a.k.a. being with God.
Immanence is God's closeness, the truth and experience that He is always with us
(see "Being with God...While Letting Him Be God: Part 1).
The practice of being with God is drawn from the major figures in Church history who communed with God in practical, everyday ways. These ancient sources of spiritual reform have been tapped into by the modern spiritual formation movement.
The movement's goal is to see and experience God in the everyday, for Him to be relevant in daily activities.
Yet, in God's relevance, one can slowly presume that God's involvement in daily activities is all that He does, all that He wants, and all that is important to Him. I.e. that God is only doing what we perceive Him doing.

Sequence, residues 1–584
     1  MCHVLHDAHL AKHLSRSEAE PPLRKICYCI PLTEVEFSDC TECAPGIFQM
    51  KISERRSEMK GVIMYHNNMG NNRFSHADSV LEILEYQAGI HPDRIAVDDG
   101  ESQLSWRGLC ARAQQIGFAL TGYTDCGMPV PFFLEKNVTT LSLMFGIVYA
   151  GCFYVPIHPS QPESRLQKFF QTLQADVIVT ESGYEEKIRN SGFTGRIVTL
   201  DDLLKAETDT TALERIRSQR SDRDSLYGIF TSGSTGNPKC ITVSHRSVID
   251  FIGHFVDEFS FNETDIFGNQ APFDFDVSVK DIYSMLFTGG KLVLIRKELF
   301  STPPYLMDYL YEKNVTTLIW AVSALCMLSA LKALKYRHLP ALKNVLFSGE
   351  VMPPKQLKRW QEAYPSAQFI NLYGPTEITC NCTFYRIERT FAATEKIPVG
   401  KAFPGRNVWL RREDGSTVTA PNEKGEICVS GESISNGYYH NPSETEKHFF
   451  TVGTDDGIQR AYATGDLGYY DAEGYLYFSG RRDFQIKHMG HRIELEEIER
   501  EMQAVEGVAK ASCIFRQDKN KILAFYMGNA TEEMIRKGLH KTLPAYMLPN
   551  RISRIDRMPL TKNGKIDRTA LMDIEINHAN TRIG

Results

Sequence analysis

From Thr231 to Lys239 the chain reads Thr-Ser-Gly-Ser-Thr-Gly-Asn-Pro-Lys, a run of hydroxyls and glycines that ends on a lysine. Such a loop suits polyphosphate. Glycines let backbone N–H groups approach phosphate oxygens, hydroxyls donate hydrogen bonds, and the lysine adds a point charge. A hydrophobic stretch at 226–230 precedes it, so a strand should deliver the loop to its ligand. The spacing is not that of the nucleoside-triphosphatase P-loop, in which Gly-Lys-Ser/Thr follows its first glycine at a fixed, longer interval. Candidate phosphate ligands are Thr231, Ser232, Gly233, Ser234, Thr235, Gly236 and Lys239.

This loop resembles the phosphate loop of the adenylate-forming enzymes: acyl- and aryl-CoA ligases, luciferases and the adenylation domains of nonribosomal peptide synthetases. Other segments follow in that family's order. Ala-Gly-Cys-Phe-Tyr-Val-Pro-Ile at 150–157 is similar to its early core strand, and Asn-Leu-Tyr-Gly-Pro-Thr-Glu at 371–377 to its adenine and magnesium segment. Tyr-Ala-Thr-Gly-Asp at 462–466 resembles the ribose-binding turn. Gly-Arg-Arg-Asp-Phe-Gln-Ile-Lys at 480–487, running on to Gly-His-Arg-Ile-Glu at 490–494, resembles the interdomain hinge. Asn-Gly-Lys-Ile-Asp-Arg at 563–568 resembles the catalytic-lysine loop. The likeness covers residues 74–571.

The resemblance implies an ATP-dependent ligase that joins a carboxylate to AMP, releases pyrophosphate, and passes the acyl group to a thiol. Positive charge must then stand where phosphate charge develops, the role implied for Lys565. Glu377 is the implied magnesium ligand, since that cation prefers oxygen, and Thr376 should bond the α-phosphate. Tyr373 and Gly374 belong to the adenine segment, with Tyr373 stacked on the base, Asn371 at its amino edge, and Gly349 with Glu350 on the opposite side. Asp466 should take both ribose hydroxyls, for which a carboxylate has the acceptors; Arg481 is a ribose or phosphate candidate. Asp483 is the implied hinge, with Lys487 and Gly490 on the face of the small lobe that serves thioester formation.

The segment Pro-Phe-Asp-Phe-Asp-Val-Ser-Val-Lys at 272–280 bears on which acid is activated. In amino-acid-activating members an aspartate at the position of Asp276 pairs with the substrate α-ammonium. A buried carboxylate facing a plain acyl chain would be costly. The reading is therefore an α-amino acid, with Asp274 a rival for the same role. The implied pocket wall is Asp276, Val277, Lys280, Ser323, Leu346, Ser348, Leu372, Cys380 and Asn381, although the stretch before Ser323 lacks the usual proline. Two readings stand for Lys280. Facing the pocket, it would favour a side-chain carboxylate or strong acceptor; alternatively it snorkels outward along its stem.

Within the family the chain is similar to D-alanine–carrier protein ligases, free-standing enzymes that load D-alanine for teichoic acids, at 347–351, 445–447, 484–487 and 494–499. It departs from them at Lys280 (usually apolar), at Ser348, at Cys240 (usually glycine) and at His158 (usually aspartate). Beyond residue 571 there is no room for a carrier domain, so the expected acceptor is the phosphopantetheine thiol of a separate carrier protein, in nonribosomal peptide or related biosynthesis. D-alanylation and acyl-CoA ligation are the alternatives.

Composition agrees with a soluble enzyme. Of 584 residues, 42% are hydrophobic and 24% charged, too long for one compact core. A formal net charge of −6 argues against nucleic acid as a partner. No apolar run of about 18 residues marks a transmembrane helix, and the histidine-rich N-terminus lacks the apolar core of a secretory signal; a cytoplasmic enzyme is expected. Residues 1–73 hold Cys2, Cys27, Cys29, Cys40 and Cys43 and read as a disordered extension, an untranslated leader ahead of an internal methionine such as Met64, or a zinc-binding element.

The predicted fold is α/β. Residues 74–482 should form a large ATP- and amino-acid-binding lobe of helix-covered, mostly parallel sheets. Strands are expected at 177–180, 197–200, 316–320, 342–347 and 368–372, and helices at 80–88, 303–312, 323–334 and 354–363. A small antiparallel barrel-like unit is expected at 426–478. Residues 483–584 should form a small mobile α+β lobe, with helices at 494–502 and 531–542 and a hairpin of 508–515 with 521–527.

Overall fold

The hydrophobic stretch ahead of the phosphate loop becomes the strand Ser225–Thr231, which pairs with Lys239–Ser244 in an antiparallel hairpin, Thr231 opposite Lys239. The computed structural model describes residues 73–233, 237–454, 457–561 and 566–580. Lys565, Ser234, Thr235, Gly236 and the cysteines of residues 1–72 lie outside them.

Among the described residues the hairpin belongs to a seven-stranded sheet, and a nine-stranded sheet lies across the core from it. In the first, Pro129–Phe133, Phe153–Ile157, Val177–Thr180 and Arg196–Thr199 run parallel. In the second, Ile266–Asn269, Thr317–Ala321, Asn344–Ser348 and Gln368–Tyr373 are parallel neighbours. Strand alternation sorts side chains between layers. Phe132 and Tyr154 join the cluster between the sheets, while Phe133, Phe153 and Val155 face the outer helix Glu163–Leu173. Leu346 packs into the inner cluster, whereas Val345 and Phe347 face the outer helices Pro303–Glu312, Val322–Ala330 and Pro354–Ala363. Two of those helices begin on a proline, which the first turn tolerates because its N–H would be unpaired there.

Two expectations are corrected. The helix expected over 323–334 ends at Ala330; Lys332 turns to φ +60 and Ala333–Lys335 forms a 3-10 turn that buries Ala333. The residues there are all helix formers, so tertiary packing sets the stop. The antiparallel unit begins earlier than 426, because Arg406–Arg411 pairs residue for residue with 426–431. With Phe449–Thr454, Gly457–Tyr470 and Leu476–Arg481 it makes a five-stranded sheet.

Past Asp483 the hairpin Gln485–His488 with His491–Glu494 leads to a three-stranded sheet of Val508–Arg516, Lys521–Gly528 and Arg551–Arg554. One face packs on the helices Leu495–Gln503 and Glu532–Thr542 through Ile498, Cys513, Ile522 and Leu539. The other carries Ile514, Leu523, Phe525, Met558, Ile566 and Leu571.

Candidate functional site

We can limit our relationship with God to only His attentiveness to us, and forget the vast intrigue of His mystery, other-ness, and power.
For us to have a healthy spiritual formation of being with God (immanence), we must have a healthy understanding of God being apart from us (transcendence).
Psalm 50 says,
If I were hungry, I would not tell you,
for all the world is mine and everything in it.
God doesn't need us, He wants us. This is why His love can be unconditional.
And God isn't like us, He is different, but He has chosen us, created us, and made Himself relate-able to us. This is shown in His commitment and pursuit of us at the most through Jesus.
Jesus brings together God's transcendence and immanence into one person.
It is because Jesus is God that He can make us fully human.
And it is by His humanness that we can finally be holy with God.
Through Jesus the inaccessible God becomes part of our daily existence.